Luxembourg Foreign Minister on international governance reform
6 July, 2011
Speaking at our first meeting to be held in Luxembourg, on the topic ‘Reforming international governance?’, Foreign Minister Jean Asselborn argued the case for multilateralism and gradual reform of international institutions.
Reforming international governance?
Wednesday 15 – Friday 17 June 2011 (WP1112)
There is broad agreement that challenges of globalisation require changes in global governance. The recent global economic crisis brought the G20 to prominence in international economic cooperation and reflects a rebalancing of the global political order. Yet the G20’s legitimacy, as an informal grouping, is also questioned.
In association with the Ministry of Foreign Affairs of Luxembourg and the Pierre Werner Institute, we brought together policy-makers, representatives of international institutions, academics and other experts to:
- examine how reforms to international governance may best respond to contemporary geo-political and economic realities
- contribute towards ongoing discussions on United Nations (UN), including Security Council, reform
- input to discussions on UN and G20 interaction and consultation, and the preparations for the G20 summit in November 2011
Speaking on the final day of the conference, Luxembourg’s Deputy Prime Minister and Foreign Minister, Jean Asselborn, argued that the UN remains at the core of the multilateral system, and combines the knowledge and legitimacy required to play the leading role in defining urgent and collective responses to contemporary global challenges. At the same time, it should not shy away from the reforms necessary to improve the effectiveness of the multilateral system.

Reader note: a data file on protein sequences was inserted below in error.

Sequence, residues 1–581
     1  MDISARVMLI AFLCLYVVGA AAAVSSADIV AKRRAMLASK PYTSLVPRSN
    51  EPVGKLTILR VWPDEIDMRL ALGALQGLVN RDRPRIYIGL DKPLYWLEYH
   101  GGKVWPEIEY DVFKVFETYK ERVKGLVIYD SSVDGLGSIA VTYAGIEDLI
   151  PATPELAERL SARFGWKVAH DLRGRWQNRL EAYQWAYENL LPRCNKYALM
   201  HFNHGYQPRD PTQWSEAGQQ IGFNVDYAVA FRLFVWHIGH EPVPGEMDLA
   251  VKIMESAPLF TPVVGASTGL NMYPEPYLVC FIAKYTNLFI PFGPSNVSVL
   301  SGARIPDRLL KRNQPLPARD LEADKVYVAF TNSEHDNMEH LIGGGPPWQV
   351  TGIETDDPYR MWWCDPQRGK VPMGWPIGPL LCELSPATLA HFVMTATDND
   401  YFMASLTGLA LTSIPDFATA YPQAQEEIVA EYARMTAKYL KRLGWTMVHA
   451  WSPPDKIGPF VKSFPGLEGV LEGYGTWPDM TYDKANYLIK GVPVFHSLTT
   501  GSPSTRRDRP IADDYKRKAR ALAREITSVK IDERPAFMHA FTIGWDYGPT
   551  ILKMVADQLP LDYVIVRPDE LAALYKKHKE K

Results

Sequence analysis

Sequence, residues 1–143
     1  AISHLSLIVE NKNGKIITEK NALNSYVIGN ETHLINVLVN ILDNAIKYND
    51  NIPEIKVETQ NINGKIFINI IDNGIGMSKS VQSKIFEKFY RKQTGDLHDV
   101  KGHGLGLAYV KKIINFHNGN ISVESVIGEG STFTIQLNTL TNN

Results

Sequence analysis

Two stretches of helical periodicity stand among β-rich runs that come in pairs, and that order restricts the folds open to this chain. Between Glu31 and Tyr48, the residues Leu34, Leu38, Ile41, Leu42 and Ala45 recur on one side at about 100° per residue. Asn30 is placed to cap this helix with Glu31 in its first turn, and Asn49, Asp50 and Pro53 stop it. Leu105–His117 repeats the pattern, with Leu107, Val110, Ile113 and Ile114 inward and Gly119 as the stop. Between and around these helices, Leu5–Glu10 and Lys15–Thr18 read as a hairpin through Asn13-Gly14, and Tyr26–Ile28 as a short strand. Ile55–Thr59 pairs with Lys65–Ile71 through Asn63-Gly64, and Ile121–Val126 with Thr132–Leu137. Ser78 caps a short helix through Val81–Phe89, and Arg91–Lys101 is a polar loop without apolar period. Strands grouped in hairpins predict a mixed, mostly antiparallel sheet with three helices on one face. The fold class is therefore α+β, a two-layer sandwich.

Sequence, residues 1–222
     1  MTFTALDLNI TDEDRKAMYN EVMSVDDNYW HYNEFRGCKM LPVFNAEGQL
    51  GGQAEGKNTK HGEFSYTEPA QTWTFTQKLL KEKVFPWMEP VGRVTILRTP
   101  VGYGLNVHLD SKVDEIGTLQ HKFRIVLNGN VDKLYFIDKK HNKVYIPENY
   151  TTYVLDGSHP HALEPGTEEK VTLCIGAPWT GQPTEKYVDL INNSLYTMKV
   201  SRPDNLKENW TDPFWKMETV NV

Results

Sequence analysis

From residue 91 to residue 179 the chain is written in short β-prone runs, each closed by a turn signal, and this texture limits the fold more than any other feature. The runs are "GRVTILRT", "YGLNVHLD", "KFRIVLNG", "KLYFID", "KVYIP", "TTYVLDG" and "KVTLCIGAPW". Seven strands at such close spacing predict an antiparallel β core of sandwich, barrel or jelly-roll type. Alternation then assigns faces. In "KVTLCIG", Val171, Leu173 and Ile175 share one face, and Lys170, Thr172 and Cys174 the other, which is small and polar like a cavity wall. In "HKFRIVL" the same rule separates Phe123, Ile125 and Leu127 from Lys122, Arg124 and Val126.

Luxembourg’s Minister of Development Cooperation and Humanitarian Affairs, Marie-Josée Jacobs, also took part in the conference, speaking about how the global economic framework and institutions can better deliver development. Minister of Finance, Luc Frieden, opened the conference. Participants included senior diplomatic representatives from the USA, Singapore, Zambia, Mexico, Kenya, Dominica, France, Germany and the UK, former Deputy Secretary-General of the UN, Louise Frechette, academics from India and China, and international non-governmental organisations such as the International Trade Union Confederation.
Among issues arising in discussion were:
- the need to recognise what has been achieved to-date in reforming existing institutions, including the UN and the International Monetary Fund
- the active and sustained engagement of member states is required for reform to be achieved in any institution, and reforms generally only work if jointly owned by both ‘established powers’ as well as ‘growth powers’
- reform is likely to be incremental rather than revolutionary, and is a continuous process; it needs to be tailored to the specific institution
- the international environment has changed completely since the UN was established and member states seem unclear on the UN’s role in the contemporary world: it comprises an ‘operational’ role, through the UN Development Programme, or UN Children’s Fund; a ‘specialised’ role, for example the World Health Organisation; and a ‘political’ role, represented especially by the Security Council. It is a disservice to conflate these roles
- the selection process for the head of international institutions needs to be made transparent and based on merit, with the entitlement to serve one term of office only
Conference on Reforming international governance?
Presentation notes of Jean Asselborn, Luxembourg’s Deputy Prime Minister and Foreign Minister
Presentation notes of Marie-Josée Jacobs, Luxembourg’s Minister of Development Cooperation and Humanitarian Affairs (in French).